This groundbreaking volume captures and analyzes the exhilarating and at times disorienting experience when scientists, government officials, educators, and the general public in East Asia tried to come to terms with the introduction of Western biological and medical sciences to the region. The nexus of gender and health is a compelling theme, for this is an area in which private lives and personal characteristics encounter the interventions of public policies. The nine empirically based studies
Only decades ago, the population of Guangzhou was almost wholly Chinese. Today, it is a truly global city, a place where people from around the world go to make new lives, find themselves, or further their careers. A large number of these migrants are small-scale traders from Africa who deal in Chinese goods―often knockoffs or copies of high-end branded items―to send back to their home countries. In The World in Guangzhou, Gordon Mathews explores the question of how the city became a center of “
In July 1940, the wives and children of British families in Hong Kong, military and civilian, were compulsorily evacuated, following a plan created by the Hong Kong government in 1939. That plan focused exclusively on the process of evacuation itself, but issues concerning how the women and children should settle in the new country, communication with abandoned husbands, and reuniting families after the war were not considered. In practice, few would ever be addressed. When evacuation came, 3,50
The story of a Tibetan shepherd who is pulled from the security of his mountain flock into a harsh and alien urban world. Imaginatively adapted for the big screen from his short story (2012) by the author-director himself, the film version of Tharlo (2015) represents Pema Tseden’s greatest cinematic achievement to date, and has garnered numerous international prizes.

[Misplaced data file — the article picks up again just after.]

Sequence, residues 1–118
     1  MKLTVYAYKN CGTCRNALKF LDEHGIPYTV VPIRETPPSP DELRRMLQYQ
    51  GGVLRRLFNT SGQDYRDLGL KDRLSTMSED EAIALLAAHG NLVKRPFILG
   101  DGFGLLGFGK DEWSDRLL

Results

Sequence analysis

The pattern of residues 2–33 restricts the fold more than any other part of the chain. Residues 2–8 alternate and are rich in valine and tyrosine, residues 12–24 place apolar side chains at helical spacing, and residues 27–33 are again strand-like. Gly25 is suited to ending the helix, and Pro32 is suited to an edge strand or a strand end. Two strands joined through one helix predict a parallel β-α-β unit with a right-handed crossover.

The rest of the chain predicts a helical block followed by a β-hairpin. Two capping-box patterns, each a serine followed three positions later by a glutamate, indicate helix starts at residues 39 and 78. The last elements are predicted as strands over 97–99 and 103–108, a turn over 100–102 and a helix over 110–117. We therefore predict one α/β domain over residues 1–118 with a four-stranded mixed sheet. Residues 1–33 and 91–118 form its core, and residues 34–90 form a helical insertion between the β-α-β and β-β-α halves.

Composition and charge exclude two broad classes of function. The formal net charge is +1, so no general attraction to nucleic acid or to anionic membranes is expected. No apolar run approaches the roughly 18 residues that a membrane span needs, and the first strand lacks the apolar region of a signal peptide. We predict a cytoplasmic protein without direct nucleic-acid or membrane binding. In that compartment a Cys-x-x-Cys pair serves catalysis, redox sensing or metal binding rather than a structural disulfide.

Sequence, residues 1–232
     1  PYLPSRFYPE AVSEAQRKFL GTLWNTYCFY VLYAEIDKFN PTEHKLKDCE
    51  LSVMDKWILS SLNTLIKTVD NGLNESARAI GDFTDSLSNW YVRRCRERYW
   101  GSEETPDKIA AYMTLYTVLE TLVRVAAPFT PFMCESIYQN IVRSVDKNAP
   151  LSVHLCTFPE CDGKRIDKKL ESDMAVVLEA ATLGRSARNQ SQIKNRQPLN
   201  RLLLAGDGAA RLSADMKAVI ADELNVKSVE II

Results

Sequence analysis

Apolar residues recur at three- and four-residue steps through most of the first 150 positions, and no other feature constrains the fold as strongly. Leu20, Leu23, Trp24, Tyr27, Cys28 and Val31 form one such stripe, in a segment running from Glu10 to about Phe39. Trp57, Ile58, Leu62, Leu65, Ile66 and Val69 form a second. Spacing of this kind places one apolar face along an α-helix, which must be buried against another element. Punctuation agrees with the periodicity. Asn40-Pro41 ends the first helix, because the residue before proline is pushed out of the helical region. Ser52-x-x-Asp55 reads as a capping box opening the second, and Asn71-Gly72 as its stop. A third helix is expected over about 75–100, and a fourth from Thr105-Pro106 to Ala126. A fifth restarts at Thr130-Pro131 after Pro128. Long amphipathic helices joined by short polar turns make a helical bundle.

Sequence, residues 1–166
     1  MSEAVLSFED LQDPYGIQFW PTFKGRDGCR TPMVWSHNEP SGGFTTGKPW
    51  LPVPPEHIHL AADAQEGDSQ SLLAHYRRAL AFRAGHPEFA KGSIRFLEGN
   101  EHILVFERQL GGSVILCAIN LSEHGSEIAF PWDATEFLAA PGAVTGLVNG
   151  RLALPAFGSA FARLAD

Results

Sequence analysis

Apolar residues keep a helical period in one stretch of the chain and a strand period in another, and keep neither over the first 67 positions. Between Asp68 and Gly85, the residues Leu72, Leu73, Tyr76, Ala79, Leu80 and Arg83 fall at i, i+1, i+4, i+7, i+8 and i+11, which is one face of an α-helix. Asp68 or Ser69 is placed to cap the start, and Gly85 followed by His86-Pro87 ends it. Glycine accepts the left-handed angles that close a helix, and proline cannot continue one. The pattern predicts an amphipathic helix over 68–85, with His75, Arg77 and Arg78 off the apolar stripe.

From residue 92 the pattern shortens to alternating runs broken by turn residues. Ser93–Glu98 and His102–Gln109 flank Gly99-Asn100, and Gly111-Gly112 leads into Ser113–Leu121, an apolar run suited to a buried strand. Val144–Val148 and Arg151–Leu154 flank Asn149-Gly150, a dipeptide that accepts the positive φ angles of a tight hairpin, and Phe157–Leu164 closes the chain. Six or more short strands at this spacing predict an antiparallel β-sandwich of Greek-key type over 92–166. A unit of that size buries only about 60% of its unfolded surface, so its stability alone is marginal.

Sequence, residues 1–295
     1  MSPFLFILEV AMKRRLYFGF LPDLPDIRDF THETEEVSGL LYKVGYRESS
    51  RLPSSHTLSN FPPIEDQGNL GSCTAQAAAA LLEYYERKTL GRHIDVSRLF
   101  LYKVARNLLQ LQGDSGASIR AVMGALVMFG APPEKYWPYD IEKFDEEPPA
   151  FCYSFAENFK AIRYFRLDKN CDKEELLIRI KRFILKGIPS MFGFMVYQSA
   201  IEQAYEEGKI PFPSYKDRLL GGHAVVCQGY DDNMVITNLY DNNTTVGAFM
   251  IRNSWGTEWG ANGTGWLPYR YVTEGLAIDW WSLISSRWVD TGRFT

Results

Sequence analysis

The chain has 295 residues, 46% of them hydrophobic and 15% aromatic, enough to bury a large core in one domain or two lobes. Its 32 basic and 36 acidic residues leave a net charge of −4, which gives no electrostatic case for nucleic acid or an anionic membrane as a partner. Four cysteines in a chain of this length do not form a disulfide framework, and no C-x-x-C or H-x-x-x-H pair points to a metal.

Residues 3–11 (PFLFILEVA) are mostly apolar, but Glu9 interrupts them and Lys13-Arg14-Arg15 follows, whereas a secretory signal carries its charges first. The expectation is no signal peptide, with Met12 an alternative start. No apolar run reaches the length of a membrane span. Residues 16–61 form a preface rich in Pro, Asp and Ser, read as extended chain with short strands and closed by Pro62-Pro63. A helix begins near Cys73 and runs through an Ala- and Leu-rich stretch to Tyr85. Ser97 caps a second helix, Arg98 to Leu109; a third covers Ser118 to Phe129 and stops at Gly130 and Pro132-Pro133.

The founders of the Hong Kong College of Medicine for Chinese (HKCM) had the lofty vision of helping to bring Western science and medicine to China, which, they hoped, would contribute to the larger objective of modernizing the nation. That this latter goal was partly realized through the non-medical efforts of its first and most famous graduate, Dr. Sun Yat-sen, is a well-known story. Faith C. S. Ho’s Western Medicine for Chinese brings the focus back to the primary mission of HKCM by analyzing
Writing academic prose in English is especially difficult for non-native speakers, largely because the standard vocabulary used in this genre can be quite different from colloquial English. Expand Your English: A Guide to Improving Your Academic Vocabulary is a unique and invaluable guide that will enable the reader to overcome this hurdle. It will become the favourite go-to reference book for both beginning and intermediate learners struggling with the complexities of English-language academic
Chinese-speaking popular cultures have never been so queer in this digital, globalist age. The title of this pioneering volume, Boys’ Love, Cosplay, and Androgynous Idols: Queer Fan Cultures in Mainland China, Hong Kong, and Taiwan already gives an idea of the colorful, multifaceted realms the fans inhabit today. Contributors to this collection situate the proliferation of (often online) queer representations, productions, fantasies, and desires as a reaction against the norms in discourses surr